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U.S. Department of Health and Human Services

News Release

FOR IMMEDIATE RELEASE 
September 18, 2017
HHS Press Office: (202) 690-6343
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HHS partners to develop first intranasal treatment for cyanide poisoning

The first intranasal (nose spray) treatment for the life-threatening effects of cyanide poisoning will be developed under an agreement between the U.S. Department of Health and Human Services’ Office of the Assistant Secretary for Preparedness and Response (ASPR) and Emergent BioSolutions of Gaithersburg, Maryland. Cyanide could be used as a chemical weapon against the United States.

“Cyanide is easily obtained, and exposure to high levels of the chemical can cause death within minutes,” explained Rick Bright, Ph.D., director of the Biomedical Advanced Research and Development Authority (BARDA), a component of ASPR. “All currently approved cyanide antidotes are administered intravenously, which takes time, training, and medical resources. To save lives, first responders need a treatment they can administer easily within seconds in the field.”

Under the 17-month, $12.7 million agreement announced today, Emergent will develop an intranasal, stabilized form of Isoamyl Nitrite. Amyl Nitrite traditionally has been used to treat angina pectoris, severe chest pain caused by an inadequate supply of oxygen-rich blood to the heart.

Studies have shown Amyl Nitrite to be an effective treatment for cyanide poisoning, although the drug is not approved by the U.S. Food and Drug Administration specifically for this use. The company will develop a reformulated active ingredient, isoamyl nitrite, along with an intranasal delivery device, with the goal of gaining FDA approval. The contract can be extended up to a total of approximately $63 million over 5 years.

As a BARDA partner, Emergent will conduct nonclinical and clinical safety and efficacy studies; manufacturing activities; all associated regulatory, quality assurance, management work, and administrative activities necessary prior to the initiation of a Phase 3 (large) clinical study.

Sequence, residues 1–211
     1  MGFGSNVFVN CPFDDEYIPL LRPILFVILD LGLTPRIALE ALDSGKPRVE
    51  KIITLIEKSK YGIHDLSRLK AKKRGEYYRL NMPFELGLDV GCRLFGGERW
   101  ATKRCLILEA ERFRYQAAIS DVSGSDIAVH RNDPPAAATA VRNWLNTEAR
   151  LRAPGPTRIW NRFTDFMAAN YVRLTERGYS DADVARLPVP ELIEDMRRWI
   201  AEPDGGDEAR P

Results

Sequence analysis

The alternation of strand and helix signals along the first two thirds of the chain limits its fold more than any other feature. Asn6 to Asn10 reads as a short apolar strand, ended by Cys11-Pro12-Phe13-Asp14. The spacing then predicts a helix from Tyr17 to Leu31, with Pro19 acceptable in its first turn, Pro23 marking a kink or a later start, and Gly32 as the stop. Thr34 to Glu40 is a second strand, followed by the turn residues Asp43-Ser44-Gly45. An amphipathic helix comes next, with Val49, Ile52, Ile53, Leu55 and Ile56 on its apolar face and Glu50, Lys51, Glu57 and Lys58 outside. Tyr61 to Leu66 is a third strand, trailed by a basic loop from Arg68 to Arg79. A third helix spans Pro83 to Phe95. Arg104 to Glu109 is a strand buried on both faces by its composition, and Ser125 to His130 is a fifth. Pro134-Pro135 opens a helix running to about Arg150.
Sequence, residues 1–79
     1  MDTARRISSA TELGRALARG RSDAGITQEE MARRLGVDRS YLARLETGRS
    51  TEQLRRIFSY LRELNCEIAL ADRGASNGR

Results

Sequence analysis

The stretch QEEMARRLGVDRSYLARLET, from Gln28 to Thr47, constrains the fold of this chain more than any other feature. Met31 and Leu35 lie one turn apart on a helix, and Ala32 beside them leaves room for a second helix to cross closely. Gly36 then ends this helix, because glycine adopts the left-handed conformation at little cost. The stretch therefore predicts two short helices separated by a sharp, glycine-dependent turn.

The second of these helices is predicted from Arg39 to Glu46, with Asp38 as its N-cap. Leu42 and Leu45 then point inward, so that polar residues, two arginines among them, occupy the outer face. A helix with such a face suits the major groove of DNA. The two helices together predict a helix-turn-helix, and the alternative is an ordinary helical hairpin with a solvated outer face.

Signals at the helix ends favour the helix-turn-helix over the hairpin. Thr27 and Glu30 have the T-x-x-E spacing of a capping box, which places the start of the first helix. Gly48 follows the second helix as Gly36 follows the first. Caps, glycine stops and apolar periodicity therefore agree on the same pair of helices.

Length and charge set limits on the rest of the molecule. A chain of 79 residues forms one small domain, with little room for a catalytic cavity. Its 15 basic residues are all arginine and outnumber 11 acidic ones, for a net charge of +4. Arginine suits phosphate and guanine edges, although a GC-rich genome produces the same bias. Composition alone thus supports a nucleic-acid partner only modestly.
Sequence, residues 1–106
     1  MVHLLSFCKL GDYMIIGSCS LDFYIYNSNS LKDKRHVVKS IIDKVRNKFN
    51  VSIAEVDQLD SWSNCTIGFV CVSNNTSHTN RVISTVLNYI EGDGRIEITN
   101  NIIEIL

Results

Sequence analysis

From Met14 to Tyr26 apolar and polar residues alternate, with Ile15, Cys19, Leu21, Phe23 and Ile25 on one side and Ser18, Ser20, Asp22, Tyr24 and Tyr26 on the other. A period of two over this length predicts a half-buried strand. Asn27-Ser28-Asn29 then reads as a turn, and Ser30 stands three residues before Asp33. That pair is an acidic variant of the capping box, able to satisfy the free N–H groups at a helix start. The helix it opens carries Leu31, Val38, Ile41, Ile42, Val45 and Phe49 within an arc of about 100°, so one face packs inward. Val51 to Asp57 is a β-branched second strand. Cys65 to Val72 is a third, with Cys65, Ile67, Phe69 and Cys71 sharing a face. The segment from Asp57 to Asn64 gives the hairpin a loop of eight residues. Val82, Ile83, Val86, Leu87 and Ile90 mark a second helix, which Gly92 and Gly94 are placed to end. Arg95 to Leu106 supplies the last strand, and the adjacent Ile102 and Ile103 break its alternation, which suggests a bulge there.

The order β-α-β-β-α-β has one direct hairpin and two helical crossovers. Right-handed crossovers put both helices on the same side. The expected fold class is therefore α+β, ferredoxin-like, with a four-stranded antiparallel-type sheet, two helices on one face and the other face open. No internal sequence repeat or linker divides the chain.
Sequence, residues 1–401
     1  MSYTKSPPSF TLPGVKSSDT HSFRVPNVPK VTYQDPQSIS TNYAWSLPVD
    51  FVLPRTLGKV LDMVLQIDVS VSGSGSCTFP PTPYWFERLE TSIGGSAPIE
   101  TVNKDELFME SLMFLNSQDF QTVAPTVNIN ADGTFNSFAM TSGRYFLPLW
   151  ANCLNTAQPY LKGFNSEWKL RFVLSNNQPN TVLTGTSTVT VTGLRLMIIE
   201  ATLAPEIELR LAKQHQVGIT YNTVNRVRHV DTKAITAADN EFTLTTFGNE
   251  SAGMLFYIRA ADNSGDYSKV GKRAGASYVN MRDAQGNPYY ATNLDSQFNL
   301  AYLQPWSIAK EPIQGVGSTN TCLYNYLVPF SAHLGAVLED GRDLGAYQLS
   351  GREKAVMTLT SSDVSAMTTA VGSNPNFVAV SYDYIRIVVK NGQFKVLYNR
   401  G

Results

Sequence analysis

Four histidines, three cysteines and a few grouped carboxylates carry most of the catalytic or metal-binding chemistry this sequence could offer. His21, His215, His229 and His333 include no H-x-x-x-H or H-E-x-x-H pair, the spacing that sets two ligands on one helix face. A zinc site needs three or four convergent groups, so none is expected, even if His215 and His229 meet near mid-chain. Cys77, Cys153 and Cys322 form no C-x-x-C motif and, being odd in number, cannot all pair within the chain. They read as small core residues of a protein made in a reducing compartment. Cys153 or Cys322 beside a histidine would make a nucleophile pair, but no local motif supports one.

Development of this new drug is part of BARDA’s efforts to develop medical products and procedures to protect health and save lives in terrorist attacks, including those using chemical warfare agents like cyanide. Cyanide was used in World War I as a chemical weapon, in World War II concentration camps, and most recently this past spring in the Syrian Civil War.

These treatments are among the post-exposure treatments and non-pharmaceutical interventions BARDA and its private partners are developing to counter the health effects of chemical exposure. Products include novel and repurposed therapeutics, and decontamination for treatment of exposure to any of four classes of chemical agents.

BARDA continues to seek proposals for the development of effective products to treat injuries caused by chemical agents, including new products and new indications for products already in clinical use. The products must be easy to use in a mass casualty situation and safe and effective for all segments of the population. Proposals are accepted through the Broad Agency Announcement BARDA-CBRN-BAA-16-100-SOL-00001 at the Federal Business Opportunities website, www.fbo.gov.

The project announced today is part of BARDA’s integrated portfolio for the advanced research and development, innovation, acquisition, and manufacturing of medical countermeasures – vaccines, drugs, therapeutics, diagnostic tools, and non-pharmaceutical products for public health emergency threats. These threats include chemical, biological, radiological, and nuclear agents, pandemic influenza, and emerging infectious diseases.

ASPR leads HHS in preparing the nation to respond to and recover from adverse health effects of emergencies, supporting communities’ ability to withstand adversity, strengthening health and response systems, and enhancing national health security. HHS is the principal federal agency for protecting the health of all Americans and providing essential human services, especially for those who are least able to help themselves.

To learn more about preparedness, response and recovery from the health impacts of disasters, visit the HHS public health and medical emergency website, www.phe.gov. For more information about advanced research and development of medical countermeasures, visit www.medicalcountermeasures.gov.

 

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  • This page last reviewed: September 27, 2017